A. W. Pink – Repentance: What Saith the Scriptures?

Introduction

One of the Divinely predicted characteristics of the “perilous times” in which we are now living is that “evil men and seducers shall wax worse and worse, deceiving, and being deceived” (2 Tim. 3:13). The deeper reference of these words is to spiritual seducers and deceivers. Men with captivating personalities, men who occupy a prominent place in Christendom, men with an apparently deep reverence for Holy Writ, are beguiling souls with fatal error. Not only are evolutionists, higher critics and modernists deluding multitudes of our young people with their sugar-coated lies, but some who pose as the champions of orthodoxy and boast of their ability to “rightly divide the Word of truth” are poisoning the minds of many to their eternal destruction.

Such a charge as we have just made is indeed a serious one, and one which is not to be readily received without proof. But proof is easily furnished. The Word of God teaches plainly that in this dispensation, equally with preceding ones, God requires a deep and sincere repentance before He pardons any sinner. Repentance is absolutely necessary to salvation, just as necessary as is faith in the Lord Jesus Christ. “Except ye repent, ye shall all likewise perish” (Luke 13:3). “Then hath God also to the Gentiles granted repentance unto life” (Acts 11:18). “For godly sorrow worketh repentance, not to be repented of” (2 Cor. 7:10). It is impossible to frame language more explicit than that. Therefore, in view of these verses, and others yet to be quoted, we cannot but sorrowfully regard those who are now affirming that repentance is not, in this dispensation, essential unto salvation, as being deceivers of souls, blind leaders of the blind.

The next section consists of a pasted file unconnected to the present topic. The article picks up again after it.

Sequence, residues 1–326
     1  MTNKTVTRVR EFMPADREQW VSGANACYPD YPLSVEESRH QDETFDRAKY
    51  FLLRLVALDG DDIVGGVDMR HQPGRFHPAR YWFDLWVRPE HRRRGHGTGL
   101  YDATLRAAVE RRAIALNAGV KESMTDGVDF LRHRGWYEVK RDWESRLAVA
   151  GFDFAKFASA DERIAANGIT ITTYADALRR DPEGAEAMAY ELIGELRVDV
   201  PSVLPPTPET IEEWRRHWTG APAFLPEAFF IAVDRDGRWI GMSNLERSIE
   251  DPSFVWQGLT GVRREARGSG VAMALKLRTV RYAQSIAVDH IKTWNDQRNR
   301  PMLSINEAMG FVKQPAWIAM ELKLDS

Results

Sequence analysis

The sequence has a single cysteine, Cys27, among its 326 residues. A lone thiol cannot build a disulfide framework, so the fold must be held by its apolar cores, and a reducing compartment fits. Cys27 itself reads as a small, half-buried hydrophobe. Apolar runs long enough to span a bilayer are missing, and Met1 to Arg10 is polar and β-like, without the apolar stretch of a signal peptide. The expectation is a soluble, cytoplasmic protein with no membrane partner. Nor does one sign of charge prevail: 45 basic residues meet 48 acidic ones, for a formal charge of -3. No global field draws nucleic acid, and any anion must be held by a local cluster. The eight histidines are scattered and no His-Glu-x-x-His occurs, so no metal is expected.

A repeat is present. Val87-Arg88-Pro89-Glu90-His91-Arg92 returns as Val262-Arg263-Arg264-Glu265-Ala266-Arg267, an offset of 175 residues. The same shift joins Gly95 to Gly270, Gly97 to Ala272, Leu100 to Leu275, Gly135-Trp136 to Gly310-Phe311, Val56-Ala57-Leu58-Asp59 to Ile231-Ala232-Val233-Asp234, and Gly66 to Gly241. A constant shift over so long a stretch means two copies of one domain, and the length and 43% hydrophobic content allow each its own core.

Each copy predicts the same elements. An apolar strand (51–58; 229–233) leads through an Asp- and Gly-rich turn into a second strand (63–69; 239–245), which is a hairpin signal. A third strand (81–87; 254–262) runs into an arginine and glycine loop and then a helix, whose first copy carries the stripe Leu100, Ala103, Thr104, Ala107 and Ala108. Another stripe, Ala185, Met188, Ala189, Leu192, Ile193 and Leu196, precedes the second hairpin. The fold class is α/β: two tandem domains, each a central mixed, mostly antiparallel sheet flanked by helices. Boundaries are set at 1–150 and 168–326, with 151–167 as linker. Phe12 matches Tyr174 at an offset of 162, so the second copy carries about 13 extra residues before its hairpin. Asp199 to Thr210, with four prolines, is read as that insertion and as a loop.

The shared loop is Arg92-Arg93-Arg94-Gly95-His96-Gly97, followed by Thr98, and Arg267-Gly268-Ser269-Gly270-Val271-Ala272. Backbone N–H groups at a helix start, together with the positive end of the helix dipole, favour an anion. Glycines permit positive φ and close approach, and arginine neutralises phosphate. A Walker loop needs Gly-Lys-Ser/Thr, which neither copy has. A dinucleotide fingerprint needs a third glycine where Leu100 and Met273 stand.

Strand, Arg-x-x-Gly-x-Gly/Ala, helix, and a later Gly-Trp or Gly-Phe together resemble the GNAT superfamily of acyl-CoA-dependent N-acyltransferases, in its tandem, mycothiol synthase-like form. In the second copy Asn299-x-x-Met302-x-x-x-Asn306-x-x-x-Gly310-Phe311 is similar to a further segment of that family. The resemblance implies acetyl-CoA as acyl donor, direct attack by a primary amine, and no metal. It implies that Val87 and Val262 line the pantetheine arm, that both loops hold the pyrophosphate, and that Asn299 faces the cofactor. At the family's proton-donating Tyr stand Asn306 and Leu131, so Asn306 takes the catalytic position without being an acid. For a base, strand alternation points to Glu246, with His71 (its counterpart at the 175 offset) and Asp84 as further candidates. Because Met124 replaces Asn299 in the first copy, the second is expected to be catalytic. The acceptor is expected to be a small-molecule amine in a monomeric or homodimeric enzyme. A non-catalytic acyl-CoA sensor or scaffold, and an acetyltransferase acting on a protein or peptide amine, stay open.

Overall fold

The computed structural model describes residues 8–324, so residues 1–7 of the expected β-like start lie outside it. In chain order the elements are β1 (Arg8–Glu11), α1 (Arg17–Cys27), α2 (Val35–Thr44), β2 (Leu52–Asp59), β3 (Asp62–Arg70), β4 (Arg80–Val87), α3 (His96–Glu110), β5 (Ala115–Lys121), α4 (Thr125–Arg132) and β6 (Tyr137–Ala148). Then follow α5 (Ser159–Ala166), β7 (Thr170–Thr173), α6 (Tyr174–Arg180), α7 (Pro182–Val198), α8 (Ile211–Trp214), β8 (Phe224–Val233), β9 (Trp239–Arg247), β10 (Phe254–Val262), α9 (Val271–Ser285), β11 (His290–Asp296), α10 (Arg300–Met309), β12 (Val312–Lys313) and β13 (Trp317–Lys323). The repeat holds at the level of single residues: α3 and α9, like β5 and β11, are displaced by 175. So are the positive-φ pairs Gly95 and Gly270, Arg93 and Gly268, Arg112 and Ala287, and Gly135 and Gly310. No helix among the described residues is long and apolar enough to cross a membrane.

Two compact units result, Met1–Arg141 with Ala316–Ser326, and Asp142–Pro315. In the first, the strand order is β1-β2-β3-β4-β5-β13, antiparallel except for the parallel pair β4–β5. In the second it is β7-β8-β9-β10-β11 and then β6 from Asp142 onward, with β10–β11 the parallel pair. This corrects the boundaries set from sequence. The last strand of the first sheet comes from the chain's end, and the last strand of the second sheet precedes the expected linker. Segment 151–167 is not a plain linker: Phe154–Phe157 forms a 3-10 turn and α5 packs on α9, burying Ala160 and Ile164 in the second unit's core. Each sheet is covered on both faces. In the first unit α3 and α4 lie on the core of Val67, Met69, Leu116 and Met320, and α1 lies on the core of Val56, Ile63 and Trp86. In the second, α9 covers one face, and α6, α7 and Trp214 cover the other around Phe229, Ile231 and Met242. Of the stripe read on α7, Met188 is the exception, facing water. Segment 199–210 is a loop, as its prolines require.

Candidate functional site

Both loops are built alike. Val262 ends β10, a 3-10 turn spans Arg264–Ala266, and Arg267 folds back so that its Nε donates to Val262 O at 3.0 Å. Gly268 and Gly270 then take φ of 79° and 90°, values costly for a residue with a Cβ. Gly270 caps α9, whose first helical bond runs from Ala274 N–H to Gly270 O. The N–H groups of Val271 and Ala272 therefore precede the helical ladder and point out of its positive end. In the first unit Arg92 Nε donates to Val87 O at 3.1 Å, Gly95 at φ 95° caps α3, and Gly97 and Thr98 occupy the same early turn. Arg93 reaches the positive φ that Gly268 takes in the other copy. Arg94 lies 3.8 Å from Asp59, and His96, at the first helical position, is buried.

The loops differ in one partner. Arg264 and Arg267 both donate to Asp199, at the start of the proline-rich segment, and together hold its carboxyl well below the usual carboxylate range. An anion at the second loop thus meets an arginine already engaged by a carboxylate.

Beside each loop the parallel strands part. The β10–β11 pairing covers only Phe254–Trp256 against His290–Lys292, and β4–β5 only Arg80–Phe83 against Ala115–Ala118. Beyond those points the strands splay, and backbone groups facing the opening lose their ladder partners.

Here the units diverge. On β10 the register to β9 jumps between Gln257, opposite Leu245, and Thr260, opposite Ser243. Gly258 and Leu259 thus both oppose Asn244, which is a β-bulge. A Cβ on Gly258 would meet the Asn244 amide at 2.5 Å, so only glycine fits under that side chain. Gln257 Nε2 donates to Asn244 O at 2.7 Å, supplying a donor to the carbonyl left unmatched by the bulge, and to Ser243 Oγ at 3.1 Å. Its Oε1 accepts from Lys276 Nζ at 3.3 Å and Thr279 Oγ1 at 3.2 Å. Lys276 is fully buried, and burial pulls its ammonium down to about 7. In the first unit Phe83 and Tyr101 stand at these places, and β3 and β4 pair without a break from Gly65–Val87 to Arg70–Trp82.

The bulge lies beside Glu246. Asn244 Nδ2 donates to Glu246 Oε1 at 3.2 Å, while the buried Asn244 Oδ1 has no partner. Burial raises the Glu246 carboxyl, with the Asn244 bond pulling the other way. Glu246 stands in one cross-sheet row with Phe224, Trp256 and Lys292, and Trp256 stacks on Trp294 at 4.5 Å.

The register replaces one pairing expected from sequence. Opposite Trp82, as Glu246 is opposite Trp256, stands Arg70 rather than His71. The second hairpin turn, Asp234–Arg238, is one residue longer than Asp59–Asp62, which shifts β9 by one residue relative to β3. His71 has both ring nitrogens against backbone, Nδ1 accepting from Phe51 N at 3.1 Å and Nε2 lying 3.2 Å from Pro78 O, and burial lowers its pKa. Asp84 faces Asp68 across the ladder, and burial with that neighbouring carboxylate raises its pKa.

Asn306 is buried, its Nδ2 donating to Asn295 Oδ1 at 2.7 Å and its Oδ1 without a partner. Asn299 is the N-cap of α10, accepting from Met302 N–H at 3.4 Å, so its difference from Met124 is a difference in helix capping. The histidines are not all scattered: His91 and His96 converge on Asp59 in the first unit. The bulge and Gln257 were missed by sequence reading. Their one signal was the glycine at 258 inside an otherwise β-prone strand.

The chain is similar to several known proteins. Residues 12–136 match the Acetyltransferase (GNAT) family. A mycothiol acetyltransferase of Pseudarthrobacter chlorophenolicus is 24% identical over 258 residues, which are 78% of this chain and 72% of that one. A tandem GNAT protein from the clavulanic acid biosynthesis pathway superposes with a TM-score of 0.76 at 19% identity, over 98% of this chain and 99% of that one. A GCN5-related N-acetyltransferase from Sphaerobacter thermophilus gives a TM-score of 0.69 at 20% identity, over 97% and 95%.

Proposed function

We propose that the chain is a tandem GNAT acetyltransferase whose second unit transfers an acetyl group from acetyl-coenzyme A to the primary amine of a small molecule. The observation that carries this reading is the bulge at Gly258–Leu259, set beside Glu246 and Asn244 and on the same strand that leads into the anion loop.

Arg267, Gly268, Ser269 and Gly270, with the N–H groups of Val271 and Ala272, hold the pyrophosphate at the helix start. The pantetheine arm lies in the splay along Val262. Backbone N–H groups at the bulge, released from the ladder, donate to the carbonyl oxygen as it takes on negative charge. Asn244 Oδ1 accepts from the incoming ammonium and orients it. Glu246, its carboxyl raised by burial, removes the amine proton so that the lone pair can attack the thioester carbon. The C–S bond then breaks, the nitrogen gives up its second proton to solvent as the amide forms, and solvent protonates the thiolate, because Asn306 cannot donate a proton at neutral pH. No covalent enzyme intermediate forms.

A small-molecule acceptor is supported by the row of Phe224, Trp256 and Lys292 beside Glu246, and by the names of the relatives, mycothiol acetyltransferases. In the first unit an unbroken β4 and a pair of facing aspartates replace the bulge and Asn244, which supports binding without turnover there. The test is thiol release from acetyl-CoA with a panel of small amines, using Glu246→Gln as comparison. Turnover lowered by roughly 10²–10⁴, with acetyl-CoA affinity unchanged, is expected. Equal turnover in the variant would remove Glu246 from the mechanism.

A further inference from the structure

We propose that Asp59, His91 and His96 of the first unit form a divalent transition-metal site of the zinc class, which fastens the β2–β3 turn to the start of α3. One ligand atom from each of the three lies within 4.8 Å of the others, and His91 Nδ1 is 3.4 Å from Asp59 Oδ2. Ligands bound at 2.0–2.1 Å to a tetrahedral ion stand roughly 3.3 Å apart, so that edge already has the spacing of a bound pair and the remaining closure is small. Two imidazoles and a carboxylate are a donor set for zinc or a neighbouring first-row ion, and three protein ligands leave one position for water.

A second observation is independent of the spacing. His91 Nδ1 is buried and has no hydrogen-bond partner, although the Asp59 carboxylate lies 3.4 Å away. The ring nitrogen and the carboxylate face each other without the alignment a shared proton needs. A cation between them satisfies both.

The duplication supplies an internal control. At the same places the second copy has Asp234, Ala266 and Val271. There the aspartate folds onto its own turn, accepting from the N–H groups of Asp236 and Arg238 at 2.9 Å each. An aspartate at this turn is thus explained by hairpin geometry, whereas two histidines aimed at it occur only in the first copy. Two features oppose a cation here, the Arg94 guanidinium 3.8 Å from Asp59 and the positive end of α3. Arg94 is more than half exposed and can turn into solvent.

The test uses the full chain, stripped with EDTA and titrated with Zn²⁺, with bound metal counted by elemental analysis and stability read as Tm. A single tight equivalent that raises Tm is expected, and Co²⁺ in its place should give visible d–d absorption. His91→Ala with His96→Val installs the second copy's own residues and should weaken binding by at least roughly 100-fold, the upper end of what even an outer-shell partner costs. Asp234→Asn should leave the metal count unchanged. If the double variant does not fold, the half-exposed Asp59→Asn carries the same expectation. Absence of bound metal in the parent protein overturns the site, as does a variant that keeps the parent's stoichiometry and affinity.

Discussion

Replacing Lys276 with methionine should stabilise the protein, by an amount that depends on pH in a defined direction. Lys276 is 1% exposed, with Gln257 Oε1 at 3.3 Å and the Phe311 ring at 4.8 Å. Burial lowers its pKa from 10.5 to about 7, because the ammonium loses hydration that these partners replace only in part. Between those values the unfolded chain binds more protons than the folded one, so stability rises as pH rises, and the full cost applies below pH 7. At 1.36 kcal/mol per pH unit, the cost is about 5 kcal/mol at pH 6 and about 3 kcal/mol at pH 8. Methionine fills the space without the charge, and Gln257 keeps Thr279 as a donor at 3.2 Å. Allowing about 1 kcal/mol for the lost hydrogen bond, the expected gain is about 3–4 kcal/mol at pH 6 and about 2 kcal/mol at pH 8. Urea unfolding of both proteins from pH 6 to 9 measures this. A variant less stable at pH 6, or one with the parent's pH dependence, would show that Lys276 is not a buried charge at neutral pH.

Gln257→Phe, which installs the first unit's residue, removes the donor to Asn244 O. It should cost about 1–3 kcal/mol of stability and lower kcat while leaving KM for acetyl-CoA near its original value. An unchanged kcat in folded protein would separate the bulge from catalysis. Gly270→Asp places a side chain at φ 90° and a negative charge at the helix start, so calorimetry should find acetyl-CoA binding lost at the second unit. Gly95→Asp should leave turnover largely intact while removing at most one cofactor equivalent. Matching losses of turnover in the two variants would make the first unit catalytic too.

To continue reading A. W. Pink’s article, click here.

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Robert Bolton – Heart Surgery

Now when they heard this, they were pricked in their heart, and said unto Peter and to the rest of the apostles, Men and brethren, what shall we do? Acts 2:37